This past Tuesday night I was invited to a reception hosted by two great Massachusetts bicycle-related companies: Seven Cycles & Ciclismo Classico. The event took place at the Seven Cycles headquarters in Watertown, Mass.
It was a dark and chilly night...
But inside all was warm and pleasant.
Ciclismo Classico is a bicycle vacation company based in Arlington, Mass. I first received their catalog in the mail a year or so ago and spent many happy hours on the subway browsing through it and dreaming about their trips. Their tours cover a range of experience levels, from the "easy" Venice con Gusto tour to the "expert" Majestic Dolomites. Each trip is led by a guide and consists of a limited number of participants. Here's the 2012 catalog that I picked up at the reception:
Really beautiful, don't you think? Log onto Ciclismo Classico's website, request that a catalog be sent to you, and have a look. I enjoyed chatting with a cyclist at the reception who went on their Norway tour. Actually, I seem to come across Ciclismo Classico "alums" all the time. On my very first event ride in Connecticut, a woman in our group wore a Ciclismo Classico jersey. I remember her saying how tired she was after riding our 22 miles through western Connecticut, which seemed odd because she had just told us all about her much-longer Ciclismo Classico ride through Italy. She must have sensed our quizzical looks though, because she soon added: "but we stopped for great food and wine in Italy, so it felt easy!"
Seven Cycles makes custom bicycles, building their frames right there at their Watertown headquarters. I'm afraid I didn't take many photos, but here are two shots I snapped of their bikes on the showroom floor:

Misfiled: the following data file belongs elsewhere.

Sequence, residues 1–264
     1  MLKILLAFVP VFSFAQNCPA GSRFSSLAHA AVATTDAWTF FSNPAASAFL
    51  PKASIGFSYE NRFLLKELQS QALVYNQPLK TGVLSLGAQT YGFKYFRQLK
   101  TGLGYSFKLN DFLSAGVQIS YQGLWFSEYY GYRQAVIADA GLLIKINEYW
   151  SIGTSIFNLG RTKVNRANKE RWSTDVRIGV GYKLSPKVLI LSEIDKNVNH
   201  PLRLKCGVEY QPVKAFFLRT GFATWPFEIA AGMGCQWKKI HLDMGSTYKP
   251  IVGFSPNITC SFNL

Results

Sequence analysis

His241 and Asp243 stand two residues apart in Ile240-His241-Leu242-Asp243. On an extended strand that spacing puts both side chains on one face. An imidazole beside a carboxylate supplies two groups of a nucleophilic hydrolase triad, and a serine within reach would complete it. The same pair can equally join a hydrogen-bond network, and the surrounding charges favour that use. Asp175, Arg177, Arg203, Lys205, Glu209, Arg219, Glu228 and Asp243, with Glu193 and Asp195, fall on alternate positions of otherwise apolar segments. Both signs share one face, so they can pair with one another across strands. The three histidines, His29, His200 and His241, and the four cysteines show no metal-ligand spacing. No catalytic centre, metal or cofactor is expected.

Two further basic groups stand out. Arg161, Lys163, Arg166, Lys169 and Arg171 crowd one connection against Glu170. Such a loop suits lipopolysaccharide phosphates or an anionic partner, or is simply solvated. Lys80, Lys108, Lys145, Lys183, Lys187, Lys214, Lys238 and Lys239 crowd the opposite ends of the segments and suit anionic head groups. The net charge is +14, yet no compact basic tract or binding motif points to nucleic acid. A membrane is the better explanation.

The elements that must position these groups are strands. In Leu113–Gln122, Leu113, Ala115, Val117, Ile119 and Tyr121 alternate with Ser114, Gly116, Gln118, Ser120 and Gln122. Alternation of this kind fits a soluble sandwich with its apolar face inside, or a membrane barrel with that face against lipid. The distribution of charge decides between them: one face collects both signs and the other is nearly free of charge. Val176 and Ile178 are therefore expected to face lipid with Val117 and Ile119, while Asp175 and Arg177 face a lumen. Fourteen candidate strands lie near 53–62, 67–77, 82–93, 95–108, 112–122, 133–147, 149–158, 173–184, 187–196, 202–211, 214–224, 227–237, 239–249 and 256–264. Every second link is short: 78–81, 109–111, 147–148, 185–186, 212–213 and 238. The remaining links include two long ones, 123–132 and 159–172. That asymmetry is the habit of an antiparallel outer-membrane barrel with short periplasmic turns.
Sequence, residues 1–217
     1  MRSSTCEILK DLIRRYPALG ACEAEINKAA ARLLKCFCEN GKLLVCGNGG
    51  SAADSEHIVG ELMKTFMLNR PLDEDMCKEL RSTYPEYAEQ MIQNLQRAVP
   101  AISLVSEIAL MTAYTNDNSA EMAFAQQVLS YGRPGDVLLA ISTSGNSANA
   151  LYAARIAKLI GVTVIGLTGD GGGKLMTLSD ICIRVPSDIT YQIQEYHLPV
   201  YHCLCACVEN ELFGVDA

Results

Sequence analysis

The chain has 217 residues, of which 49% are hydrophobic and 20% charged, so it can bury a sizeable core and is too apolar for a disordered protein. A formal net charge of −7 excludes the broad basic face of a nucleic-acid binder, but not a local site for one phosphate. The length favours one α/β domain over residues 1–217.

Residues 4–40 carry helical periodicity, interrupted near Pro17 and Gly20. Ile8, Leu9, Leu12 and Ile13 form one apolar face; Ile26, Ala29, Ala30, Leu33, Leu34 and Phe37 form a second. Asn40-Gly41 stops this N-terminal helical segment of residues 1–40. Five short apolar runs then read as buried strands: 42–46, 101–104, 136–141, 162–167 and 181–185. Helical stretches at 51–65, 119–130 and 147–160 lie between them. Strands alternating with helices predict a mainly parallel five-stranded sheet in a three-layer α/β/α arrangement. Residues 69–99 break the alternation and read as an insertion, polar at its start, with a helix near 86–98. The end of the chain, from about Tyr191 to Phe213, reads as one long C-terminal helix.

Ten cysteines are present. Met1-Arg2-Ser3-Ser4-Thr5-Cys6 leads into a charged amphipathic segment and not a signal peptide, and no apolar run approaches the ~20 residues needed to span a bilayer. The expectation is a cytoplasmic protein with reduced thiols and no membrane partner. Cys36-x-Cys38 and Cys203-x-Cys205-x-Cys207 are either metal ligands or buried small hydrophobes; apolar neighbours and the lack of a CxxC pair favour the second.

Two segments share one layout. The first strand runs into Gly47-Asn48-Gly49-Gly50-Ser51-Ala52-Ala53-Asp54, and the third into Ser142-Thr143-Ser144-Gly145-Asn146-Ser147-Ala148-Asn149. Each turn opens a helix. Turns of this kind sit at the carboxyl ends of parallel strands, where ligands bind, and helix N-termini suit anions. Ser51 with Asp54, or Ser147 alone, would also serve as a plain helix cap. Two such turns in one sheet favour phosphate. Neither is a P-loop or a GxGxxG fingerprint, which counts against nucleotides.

The top frame is titanium and the bottom frame is steel. Bicycle racing fans: do you know why the steel bike is painted pink? It's a custom "Giro d'Italia" themed bike! Very cool.
Seven's frame are true works of art. Look at the gracefully curved seat- and chain-stays. And the unpainted titanium. Beautiful.
Here's the Seven catalog that I picked up on the way out (the 2012 bikes are being announced this Saturday):
We were also given a tour of Seven's small factory, which was truly inspiring. Come to think of it, maybe "workshop" is a better word. Even with its high-tech computer generated schematics, spic-and-span cleanliness, and precise machinery, Seven's old-school artistry is what impressed me most. There is no assembly line -- each craftsperson works on multiple processes in the creation of a frame, sometimes building an entire frame from start to finish. Pride in one's work, the magic of seeing disparate elements come together into a cohesive whole, and the mysteries inherent in crafting metals ... they all really come alive in this remarkable shop. In fact, there's even an anvil sitting in a corner! The artists at Seven are carrying the great traditions of New England framebuilding into the 21st Century, and that's wonderful.
So what a great evening! Extraordinary travel and exquisite bicycles ... all inspired by one thing: the quest for the magical ride.